The chemistry of fresh waters is quite variable, rivers usually more so than lakes. Natural spatial variation is determined mainly by the type of rocks available for weathering, how wet or dry the climate is, and by the composition of rain, which in turn is influenced by proximity to the sea. The ionic concentration of rivers draining igneous and metamorphic terrains is roughly half that of rivers draining sedimentary terrain, because of the differential resistance of rocks to weathering. All of these factors provide the opportunity for substantial local variation in river chemistry. As a consequence the concentration of total dissolved ions can vary considerably amongst the headwater branches of a large drainage. However, these heterogeneities tend to average out, and concentrations tend to increase, as one proceeds downstream (Livingstone 1963).
Although small streams in the same region often are chemically similar, they also can differ markedly. Within a series of small streams in southwest England, Walling and Webb (1975) reported a concentration range of total ions from 25 to 650 mg L_1, resulting from small-scale shifts between igneous and sedimentary rocks. Small streams draining a volcanic landscape in central Costa Rica exhibited pronounced differences in solute concentrations depending on geology, soil types, and elevation (Pringle 1991). Phosphorus, several major cations and anions, and trace elements were high in headwater streams draining younger volcanic landscapes and much lower in streams draining older lava flows. The blackwater Rio Negro and whitewater Solimóes (the Amazon mainstem) dramatically illustrate the chemical differences between tributaries draining distinctive landscapes. The Rio Negro drains well-weathered, crystalline rock and is much lower in ions and much higher in organic acids, whereas the Amazon mainstem drains the comparatively young Andes and has a much higher dissolved load. The unique chemical signatures of these two mighty rivers can be detected as much as 100 km below their confluence.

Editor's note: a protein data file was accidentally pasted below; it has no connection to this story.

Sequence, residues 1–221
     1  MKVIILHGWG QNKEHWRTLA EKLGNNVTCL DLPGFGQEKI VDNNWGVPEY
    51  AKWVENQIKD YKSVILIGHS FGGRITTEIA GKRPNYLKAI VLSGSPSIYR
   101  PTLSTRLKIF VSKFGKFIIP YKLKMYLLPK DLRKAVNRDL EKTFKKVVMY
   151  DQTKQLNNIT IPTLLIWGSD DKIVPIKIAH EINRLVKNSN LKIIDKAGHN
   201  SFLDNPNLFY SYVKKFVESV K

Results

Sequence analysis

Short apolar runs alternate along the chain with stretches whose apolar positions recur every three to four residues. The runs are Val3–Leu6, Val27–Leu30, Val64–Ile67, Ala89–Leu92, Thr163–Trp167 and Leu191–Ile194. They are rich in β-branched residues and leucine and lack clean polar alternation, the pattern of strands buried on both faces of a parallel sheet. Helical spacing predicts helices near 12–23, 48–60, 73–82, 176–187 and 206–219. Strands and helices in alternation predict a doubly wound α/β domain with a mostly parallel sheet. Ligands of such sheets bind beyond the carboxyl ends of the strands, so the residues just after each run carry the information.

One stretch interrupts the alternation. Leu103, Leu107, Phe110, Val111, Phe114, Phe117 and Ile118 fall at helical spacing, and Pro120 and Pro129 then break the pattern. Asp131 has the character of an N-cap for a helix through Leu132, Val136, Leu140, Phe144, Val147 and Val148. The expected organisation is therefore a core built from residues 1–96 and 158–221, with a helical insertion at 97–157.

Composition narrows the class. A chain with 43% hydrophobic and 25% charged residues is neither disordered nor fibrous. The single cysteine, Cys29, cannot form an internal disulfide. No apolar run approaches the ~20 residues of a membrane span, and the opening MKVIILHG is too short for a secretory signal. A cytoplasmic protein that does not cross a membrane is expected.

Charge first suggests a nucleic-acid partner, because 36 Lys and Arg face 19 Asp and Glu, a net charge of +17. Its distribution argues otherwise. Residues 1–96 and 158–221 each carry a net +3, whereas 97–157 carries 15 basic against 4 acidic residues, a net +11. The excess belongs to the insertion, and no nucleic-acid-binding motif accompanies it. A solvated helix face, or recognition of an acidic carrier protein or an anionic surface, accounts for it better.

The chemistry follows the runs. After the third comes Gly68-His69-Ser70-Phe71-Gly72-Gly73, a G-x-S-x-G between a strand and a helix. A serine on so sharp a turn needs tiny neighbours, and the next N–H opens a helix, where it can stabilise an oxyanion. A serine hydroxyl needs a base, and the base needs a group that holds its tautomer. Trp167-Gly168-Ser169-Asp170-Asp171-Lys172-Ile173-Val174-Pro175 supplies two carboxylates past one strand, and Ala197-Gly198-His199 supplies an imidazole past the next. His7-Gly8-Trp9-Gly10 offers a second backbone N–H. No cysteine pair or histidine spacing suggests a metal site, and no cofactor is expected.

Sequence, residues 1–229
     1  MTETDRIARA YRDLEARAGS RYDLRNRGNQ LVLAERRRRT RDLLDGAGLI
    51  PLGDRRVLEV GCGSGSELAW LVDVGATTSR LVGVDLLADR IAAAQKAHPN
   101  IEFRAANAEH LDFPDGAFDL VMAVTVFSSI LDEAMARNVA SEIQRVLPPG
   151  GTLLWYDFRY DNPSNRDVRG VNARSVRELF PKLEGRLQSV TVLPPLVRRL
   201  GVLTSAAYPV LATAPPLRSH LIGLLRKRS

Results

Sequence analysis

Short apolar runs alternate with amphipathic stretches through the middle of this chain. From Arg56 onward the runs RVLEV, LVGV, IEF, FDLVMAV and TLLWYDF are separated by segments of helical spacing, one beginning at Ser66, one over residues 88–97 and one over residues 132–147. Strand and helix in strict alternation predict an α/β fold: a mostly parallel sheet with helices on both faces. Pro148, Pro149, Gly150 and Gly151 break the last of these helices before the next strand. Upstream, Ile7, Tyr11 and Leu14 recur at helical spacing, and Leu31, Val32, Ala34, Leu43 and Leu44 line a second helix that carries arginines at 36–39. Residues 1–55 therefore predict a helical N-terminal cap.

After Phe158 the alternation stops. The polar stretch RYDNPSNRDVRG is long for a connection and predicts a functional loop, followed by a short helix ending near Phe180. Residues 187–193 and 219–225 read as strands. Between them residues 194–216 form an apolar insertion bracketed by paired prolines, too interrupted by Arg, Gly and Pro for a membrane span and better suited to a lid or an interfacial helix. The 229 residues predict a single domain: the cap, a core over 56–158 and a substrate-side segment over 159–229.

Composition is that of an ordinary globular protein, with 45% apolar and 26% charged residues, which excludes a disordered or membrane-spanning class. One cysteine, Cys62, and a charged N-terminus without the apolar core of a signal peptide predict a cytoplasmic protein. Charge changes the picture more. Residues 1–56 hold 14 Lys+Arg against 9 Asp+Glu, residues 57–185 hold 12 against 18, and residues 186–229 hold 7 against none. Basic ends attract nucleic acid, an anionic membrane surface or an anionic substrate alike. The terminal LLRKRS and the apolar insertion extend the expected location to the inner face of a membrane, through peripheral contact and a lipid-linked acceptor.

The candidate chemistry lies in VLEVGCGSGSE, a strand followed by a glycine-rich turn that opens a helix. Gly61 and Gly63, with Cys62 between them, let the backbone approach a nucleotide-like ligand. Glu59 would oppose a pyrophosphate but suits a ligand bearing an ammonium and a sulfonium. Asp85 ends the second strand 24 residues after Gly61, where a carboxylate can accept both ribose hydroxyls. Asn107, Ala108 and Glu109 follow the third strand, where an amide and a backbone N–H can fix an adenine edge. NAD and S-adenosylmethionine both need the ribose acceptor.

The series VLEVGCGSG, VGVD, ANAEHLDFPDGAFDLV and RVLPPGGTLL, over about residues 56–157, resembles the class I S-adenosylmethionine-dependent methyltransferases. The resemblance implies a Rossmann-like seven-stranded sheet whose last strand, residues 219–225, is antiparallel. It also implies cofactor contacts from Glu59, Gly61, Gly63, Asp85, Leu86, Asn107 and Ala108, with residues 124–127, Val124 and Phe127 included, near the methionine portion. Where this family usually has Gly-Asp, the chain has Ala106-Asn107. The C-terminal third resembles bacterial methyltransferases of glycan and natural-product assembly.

Climate exerts considerable influence over regional variation in the chemical composition of rivers. Across a gradient from arid to humid conditions, a general inverse relation is seen between annual precipitation and total solute concentration. High concentrations of total dissolved ions are found in rivers draining arid areas due to the small volumes of precipitation and runoff, salt accumulation in the soil, and evaporation (Walling 1984).
River chemistry also varies over time, due to the influence of seasonal changes in discharge regime, precipitation inputs, and biological activity. Flow variation has especially strong effects on ionic concentrations. Rivers are fed by a combination of groundwater and surface water, depending upon local geology and rainfall. Because of its longer association with rocks, the chemistry of groundwater typically is both more concentrated and less variable than surface waters. As a consequence, increases in flow due to rain events typically dilute streamwater, although it is not a simple relationship (Livingstone 1963). Golterman (1975) states that there are two common patterns. TDS may decline with increasing discharge, which is expected when the input of materials is constant. Alternatively, ion concentrations might not change greatly with fluctuations in discharge. This is expected when water chemistry reaches an equilibrium with the soil through which it percolates, or when concentrations approach saturation values. In addition to these two common patterns, however, some ions have been found to increase in concentration with rising discharge. The Orinoco River has very low concentrations of geologically derived nutrients because a large fraction of its catchment is underlain by resistant shield rock and covered with undisturbed forest, and because it has a very high runoff rate (Lewis and Saunders 1990). Seasonal increases in discharge result in a dilution response of major ionic solids, soluble silica and P; however, soluble organic fractions and all particulate fractions showed a purging response in which concentrations increased with increasing discharge.